? Diabetes mellitus (considered a separate item anyway)
? Age > 60 years
? Gender:
? Men (he's male!)
? Postmenopausal women
? Family History:
? Women < age 65
? Men < age 55

Only one risk factor (being male!) and nothing else is mentioned, wanna order lipid profile? Go on, I think it's right.

What about DM? no (and here also we can order blood sugar lever to exclude it)

---->>? ? No DM , no organ damage , only one risk factor in a patient with pre hypertension so all what we need to do is non pharmacologic therapy + regular follow up for 6 months. If controlled then nothing more is needed, if still elevated then we should start pharmacologic therapy.

What's the nonpharmacologic therapy ?
? Quit smoking to reduce cardiovascular risk.
? Lose weight, if needed.
? Restrict sodium intake to no more than 2 Gms per day.
? Limit alcohol intake to no more than 1-2 drinks per day.
? Get at least 30-45 minutes of aerobic activity on most days.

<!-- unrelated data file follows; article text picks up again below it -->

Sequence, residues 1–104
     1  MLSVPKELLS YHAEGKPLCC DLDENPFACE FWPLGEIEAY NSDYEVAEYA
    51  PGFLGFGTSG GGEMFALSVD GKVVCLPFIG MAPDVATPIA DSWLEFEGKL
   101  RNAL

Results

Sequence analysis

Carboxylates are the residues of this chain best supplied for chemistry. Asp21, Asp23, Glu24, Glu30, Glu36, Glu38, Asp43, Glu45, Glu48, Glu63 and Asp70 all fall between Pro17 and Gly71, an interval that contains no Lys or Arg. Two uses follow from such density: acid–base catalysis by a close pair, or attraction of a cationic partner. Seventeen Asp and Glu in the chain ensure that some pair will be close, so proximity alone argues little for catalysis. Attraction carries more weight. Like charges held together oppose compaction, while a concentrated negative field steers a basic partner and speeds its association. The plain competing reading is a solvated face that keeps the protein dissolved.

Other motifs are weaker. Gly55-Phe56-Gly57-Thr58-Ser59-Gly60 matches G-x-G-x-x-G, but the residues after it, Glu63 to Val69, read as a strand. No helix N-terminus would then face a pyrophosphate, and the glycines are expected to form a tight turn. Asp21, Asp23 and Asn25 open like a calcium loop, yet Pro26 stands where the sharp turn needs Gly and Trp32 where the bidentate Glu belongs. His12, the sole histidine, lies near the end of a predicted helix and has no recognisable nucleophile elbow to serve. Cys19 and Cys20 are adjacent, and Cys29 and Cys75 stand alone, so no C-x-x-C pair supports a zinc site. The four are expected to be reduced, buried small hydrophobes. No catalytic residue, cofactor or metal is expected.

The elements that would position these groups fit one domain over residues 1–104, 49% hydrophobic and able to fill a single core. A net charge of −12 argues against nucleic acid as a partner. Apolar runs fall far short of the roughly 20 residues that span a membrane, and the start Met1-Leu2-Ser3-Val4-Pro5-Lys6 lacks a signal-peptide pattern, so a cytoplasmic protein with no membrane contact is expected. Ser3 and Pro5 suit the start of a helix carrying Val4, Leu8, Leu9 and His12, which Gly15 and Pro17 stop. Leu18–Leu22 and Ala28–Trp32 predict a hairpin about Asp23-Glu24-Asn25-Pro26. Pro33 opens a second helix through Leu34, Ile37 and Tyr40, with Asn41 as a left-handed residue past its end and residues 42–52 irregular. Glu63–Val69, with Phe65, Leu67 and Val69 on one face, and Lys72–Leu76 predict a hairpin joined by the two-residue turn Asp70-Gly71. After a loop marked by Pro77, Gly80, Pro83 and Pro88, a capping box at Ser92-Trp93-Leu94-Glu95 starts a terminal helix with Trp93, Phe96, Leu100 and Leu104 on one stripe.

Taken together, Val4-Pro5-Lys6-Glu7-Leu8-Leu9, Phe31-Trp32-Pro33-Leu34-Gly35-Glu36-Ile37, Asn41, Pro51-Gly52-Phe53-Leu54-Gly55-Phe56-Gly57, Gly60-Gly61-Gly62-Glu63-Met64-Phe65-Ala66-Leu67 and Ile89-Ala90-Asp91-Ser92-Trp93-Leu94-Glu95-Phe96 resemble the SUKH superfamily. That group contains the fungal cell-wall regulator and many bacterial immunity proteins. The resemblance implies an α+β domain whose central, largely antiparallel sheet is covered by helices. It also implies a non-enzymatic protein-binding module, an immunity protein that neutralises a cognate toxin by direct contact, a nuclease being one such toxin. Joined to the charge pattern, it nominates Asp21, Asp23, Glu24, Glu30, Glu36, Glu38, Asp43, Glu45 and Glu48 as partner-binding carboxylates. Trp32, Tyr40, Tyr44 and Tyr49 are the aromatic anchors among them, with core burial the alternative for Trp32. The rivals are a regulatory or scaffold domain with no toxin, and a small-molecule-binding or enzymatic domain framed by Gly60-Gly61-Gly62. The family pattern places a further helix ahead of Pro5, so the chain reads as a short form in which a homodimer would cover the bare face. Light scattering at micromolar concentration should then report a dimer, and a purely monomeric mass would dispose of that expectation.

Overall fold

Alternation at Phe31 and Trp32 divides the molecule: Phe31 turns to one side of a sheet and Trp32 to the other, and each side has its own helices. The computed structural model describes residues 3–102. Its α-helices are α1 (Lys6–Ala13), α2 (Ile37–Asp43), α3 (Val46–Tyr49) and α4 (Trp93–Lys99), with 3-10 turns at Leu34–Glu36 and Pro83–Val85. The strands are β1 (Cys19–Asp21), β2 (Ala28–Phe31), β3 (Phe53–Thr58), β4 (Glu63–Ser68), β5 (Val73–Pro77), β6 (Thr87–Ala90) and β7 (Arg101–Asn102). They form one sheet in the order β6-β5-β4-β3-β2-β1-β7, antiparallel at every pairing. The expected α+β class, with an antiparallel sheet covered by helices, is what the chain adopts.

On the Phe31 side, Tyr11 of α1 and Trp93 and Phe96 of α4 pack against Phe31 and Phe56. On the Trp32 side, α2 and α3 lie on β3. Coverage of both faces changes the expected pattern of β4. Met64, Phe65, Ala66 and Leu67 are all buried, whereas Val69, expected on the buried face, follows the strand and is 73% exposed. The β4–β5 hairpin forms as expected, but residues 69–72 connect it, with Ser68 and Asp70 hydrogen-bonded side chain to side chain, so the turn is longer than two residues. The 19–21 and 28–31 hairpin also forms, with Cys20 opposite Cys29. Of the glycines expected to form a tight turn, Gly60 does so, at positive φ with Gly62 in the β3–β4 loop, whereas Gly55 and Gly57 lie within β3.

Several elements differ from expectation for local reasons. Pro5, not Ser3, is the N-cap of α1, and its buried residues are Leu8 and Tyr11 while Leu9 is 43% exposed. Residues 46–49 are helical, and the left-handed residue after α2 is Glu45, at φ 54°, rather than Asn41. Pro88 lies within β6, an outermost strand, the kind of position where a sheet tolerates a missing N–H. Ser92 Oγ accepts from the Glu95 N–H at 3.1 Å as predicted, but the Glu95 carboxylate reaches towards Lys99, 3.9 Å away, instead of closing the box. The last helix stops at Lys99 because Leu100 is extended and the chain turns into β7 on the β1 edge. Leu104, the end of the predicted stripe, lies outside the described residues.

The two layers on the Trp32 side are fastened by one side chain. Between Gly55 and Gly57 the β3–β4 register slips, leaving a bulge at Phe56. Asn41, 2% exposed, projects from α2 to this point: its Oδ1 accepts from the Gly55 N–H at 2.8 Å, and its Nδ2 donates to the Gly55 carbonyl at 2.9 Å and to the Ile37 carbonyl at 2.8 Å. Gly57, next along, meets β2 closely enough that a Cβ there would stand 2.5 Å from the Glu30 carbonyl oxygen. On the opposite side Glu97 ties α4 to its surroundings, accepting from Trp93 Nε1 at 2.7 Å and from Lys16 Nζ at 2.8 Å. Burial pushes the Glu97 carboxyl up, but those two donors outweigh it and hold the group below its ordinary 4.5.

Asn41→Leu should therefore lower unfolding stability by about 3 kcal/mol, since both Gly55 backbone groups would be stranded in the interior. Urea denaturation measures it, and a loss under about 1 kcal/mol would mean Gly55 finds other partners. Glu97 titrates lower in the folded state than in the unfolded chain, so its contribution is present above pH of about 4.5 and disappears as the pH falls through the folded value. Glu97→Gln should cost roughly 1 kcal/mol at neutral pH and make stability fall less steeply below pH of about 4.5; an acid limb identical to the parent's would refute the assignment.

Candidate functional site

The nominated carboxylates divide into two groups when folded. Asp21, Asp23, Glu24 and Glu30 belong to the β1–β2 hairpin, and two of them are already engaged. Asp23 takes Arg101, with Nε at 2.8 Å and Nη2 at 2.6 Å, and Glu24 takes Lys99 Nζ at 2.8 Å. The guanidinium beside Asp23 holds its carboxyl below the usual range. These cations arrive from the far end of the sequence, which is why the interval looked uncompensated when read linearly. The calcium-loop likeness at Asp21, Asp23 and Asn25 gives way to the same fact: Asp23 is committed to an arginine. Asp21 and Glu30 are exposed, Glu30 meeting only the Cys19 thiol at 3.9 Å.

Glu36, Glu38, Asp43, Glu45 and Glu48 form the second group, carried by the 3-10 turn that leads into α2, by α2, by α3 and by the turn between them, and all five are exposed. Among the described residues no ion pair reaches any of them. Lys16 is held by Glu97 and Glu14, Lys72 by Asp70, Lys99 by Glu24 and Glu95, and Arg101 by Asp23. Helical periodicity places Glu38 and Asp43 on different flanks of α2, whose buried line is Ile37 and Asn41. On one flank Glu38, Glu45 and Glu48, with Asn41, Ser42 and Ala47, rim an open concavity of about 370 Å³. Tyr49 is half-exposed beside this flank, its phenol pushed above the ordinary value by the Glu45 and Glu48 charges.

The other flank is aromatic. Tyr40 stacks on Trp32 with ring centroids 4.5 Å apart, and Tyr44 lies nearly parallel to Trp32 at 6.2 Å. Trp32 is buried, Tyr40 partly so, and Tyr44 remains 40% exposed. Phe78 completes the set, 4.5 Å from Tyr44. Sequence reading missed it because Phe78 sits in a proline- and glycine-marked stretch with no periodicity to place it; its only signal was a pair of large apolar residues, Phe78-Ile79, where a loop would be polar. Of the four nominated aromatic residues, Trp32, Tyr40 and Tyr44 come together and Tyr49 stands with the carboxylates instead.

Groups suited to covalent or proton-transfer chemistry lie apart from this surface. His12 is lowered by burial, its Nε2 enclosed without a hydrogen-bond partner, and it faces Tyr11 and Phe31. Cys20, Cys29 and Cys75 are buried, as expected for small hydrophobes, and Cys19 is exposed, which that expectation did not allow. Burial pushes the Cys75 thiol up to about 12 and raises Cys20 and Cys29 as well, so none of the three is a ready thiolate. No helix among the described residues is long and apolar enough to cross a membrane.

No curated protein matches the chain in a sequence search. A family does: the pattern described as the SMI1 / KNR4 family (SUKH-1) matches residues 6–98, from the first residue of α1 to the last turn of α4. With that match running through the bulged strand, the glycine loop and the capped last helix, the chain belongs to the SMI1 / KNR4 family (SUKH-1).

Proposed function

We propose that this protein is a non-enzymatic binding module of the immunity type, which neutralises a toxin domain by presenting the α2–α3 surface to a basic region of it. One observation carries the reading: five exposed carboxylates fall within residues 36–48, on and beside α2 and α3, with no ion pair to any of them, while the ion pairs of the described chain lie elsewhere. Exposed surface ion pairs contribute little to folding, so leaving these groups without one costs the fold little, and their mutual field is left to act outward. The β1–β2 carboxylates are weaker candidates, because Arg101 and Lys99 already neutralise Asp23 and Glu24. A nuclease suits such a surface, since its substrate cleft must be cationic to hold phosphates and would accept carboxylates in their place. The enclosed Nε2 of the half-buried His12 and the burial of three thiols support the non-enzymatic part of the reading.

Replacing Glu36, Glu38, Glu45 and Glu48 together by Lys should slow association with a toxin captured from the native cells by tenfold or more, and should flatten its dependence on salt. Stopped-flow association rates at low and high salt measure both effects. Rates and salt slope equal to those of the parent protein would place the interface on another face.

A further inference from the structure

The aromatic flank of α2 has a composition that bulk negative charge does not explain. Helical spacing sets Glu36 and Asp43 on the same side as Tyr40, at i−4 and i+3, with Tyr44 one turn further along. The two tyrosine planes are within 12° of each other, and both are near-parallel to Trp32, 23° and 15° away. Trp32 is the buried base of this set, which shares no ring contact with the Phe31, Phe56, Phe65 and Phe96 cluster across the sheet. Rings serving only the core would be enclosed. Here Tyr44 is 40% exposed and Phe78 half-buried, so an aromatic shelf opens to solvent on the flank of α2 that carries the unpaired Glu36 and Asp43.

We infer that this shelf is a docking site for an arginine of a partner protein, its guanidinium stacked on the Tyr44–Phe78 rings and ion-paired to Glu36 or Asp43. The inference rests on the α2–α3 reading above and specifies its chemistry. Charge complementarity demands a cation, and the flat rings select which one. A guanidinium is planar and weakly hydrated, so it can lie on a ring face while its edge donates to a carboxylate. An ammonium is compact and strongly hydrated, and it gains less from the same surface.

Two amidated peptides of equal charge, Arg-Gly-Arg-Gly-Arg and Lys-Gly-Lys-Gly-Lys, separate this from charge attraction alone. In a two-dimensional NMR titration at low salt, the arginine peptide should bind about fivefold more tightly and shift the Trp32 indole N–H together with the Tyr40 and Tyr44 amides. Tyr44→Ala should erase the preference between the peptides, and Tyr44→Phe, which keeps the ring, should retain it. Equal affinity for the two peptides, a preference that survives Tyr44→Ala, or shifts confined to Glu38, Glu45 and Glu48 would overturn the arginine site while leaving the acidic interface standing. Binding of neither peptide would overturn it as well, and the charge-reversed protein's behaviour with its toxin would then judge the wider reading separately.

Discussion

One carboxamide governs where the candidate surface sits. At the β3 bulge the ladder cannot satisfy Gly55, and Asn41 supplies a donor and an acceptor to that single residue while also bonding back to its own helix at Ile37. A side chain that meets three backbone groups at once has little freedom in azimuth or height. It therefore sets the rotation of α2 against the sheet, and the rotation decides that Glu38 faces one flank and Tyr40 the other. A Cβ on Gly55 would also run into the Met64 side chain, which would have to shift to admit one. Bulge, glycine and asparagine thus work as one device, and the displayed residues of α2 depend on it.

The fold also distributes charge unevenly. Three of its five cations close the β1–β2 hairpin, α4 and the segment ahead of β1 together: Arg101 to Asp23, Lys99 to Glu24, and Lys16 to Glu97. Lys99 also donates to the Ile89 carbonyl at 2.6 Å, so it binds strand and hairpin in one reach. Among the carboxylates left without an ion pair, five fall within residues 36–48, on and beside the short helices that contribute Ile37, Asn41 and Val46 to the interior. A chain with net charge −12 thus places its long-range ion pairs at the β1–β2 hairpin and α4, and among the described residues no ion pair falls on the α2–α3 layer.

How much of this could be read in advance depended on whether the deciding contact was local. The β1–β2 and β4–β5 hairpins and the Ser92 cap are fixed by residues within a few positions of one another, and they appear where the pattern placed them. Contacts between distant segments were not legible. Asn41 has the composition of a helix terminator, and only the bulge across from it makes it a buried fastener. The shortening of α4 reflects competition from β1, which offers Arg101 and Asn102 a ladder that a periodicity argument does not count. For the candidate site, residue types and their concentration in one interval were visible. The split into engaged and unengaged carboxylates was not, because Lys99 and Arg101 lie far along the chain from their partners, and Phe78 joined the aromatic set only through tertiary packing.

Simply: smoking, weight loss, exercise, Na in diet.

This isn't an answer I already have, I just wrote it based on what I've read, so please if you have any comments, post them. Also if you have a different treatment plan, we'd like to know it.

« Last Edit: /February/ 22, 2006, 01:24:12 PM by dr_b.e.s.m » Logged
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Re: Hypertension in a 35-year-old man
« Reply #13 on: /March/ 21, 2006, 01:11:00 PM »

thank you dr baha  Wink,god bless you  Wink ,your topic is more than excellent Wink
plz is there diff ( ) border line and labile hypert,or they one thing?
is there is isolated diastolic hypert ?
thank u Smiley